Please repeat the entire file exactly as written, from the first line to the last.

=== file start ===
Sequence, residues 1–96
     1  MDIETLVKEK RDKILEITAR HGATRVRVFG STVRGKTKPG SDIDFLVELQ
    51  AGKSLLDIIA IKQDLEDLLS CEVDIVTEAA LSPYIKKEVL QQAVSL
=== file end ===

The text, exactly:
Sequence, residues 1–96
     1  MDIETLVKEK RDKILEITAR HGATRVRVFG STVRGKTKPG SDIDFLVELQ
    51  AGKSLLDIIA IKQDLEDLLS CEVDIVTEAA LSPYIKKEVL QQAVSL